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Mandy Ellis and Brooke Mair Empowerment through Engagement: Implementing Student-Led IEPs Dunlap School District #323.

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Presentation on theme: "Mandy Ellis and Brooke Mair Empowerment through Engagement: Implementing Student-Led IEPs Dunlap School District #323."— Presentation transcript:

1 Mandy Ellis and Brooke Mair Empowerment through Engagement: Implementing Student-Led IEPs Dunlap School District #323

2 Objectives Introduction to Dunlap School District Benefits of Student-Led IEPs Implementation Guidelines Obstacles of Implementation Stakeholder Involvement

3 Audience Poll

4 K-12 Large Unit District Total Enrollment: 3,671 Serving an estimated 12,500 residents 62 Square Miles

5 School Enrollment Number of Schools: 7 Elementary Schools (Grades K-5) – Banner Elementary: Enrollment – 463 Banner Elementary – Dunlap Grade School: Enrollment – 290 Dunlap Grade School – Ridgeview Elementary School: Enrollment – 452 Ridgeview Elementary School: – Wilder-Waite Grade School: Enrollment – 386 Wilder-Waite Grade School Middle Schools (Grades 6-8) – Dunlap Middle School: Enrollment – 419 Dunlap Middle School: – Dunlap Valley Middle School: Enrollment – 420 Dunlap Valley Middle School: High Schools (Grades 9-12) – Dunlap High School: Enrollment – 1,086 Dunlap High School:

6 Staff and Program Information 3.5 early childhood teachers 7 Elementary cross-categorical teachers 2 Elementary instructional teachers 2 Elementary life skills teachers 4 Middle school cross-categorical teachers 1 Middle school instructional teachers 1 Middle school life skills teachers 5 High school cross-categorical teachers 2 High school life skills teachers

7 Student Profile Demographics: – 76.9% White – 3.9% African American – 12.9% Asian/Pacific Islander – 2.4% Hispanic – 0.1% Native American – 3.8% Multi-racial/Ethnic

8 Student Profile Special Education Students: 12.2% English Language Learners: 2.8% Students Qualifying for Free and Reduced Lunch: 5% Attendance Rate: 95.7% High School Graduation Rate: 99.6% High School Dropout Rate: 0.4%

9 Special Education Numbers K-5 IEP 100 Students IEP 6-8 68 Students IEP 9-12 80 Students 248 TOTAL

10 Take a Test Drive Read the Owner’s Manual Set Direction Follow the Map Maneuver the Obstacles Start their engines Provide Opportunity for Feedback If you don’t know where you are going, any old road will get you there….

11 Student Benefits of Student-Led IEPs Reading and Writing in Context Goal Setting Self-Advocating Using Presentation Skills Listening and Responding Compromising Summarizing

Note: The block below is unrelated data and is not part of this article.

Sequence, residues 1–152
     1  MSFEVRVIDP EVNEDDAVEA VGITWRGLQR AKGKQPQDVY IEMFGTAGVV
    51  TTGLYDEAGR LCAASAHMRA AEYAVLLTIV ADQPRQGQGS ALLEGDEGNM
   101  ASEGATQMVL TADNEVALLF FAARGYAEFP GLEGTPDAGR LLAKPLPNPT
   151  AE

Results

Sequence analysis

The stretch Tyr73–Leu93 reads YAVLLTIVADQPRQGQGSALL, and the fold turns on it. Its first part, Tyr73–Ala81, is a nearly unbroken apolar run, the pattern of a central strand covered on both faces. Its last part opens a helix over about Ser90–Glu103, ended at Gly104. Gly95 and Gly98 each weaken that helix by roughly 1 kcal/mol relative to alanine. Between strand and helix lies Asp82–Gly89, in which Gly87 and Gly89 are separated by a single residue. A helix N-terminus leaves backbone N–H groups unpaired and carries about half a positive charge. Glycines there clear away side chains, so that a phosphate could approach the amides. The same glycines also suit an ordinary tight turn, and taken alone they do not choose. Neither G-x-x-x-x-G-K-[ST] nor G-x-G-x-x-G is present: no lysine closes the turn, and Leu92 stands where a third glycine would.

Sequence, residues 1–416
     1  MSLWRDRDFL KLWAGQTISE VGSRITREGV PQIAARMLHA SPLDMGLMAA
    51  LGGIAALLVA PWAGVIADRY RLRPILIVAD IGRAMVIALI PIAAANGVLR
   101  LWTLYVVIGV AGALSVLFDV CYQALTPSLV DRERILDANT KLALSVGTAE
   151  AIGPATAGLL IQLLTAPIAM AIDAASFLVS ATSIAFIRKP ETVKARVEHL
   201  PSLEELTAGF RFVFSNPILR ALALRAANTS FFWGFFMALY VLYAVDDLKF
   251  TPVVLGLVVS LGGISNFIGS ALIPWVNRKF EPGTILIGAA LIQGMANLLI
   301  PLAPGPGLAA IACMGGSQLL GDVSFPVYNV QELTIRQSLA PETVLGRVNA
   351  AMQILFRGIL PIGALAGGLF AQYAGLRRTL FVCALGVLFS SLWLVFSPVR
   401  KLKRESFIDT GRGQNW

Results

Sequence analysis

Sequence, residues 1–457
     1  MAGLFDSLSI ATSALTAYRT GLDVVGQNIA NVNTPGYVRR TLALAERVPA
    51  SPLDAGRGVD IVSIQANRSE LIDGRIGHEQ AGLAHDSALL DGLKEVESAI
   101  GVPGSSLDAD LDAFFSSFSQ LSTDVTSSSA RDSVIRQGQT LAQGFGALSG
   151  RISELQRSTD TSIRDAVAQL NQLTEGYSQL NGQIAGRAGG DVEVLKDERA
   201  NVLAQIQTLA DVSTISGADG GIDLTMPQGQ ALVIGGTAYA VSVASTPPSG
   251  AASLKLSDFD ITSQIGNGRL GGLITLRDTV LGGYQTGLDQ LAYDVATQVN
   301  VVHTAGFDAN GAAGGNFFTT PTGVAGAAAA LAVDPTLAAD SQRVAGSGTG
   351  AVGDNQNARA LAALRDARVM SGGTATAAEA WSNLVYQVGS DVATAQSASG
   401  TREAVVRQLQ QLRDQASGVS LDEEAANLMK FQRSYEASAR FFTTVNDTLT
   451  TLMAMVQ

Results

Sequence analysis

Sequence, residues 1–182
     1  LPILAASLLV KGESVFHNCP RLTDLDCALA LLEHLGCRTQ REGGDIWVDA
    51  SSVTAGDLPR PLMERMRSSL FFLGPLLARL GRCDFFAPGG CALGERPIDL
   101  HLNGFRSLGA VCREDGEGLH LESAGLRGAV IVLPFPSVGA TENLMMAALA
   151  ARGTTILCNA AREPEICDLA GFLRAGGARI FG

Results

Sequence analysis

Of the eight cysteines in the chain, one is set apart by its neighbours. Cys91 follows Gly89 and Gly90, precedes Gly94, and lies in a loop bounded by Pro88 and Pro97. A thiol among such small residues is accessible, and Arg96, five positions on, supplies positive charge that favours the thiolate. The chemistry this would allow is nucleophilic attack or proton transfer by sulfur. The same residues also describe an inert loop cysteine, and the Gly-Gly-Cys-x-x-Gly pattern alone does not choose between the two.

12 Additional Benefits of Student-Led IEPs Structured Meeting Flow Parent Involvement Family-Centered Increased Team Dialogue

13 Take a Test Drive Student Survey Ongoing Drive Instruction Provide Focus Dashboard View

14 Feedback Drives Improvement

15 Age-Appropriate Dialogue Safe Environment Read the Owner’s Manual

16 Re-Read the Owner’s Manual “Introduction to Your IEP” Presentation by Special Education Teacher – What an IEP is – Why you have an IEP – What goals are written in your IEP – What accommodations you have – What related services are – What an IEP meeting is and how to present at your own IEP!

17 Set Direction Student strengths Goals Accommodations Feedback from stakeholders A Plan for Services and Placement

18 Introductions My strengths My progress towards current goals My services and placement My IEP Meeting My teacher’s Input My accommodations My goals for the future My parents’ input Follow the Map

19 Track Student Progress



22 “I love getting ready for exciting things, even if I am nervous.”” 4 th Grade Student


24 Additional Activities to Consider Write a statement regarding their present levels of performance Compose business letters and address envelopes inviting IEP members to the meeting Conduct a self-assessment regarding their learning styles. Through these activities, students become more aware of their abilities, develop key communication skills and reinforce 21st century skills.

25 Maneuver the Obstacles Student Concerns Parent Concerns Student Ability to Present Soliciting Stakeholder Feedback is vital throughout the process!

26 Delta: “My Mom There” 5 th Grade Student

27 Delta: “I am scared to talk at the meeting!” 5 th Grade Student

28 Test Drive Set Direction Use a Map

29 Start Your Engines… IEP Day! Meetings are allotted 45 minutes Students greet the IEP team members Students facilitate introductions Students begin the IEP meeting Students are prompted to engage team members All members of the IEP team provide feedback.

30 Celebrate Student Success Student-led IEPs are the vehicles for driving continuous improvement and developing 21st century skills. As a special education teacher, there is no greater victory than seeing a child empowered through engagement in their learning.

31 4 th Grade Student: “I learned I even have an IEP”

32 Questions/Comments

33 References For electronic resources created and used to implement student-led IEPs, visit dualized+education+planning. For more information about Dunlap School District #323, visit Becky Wilson Hawbaker, “Student-led IEP meetings: Planning and Implementation Strategies,” TEACHING Exceptional Children Plus, Vol. 3, No. 5, 2007,

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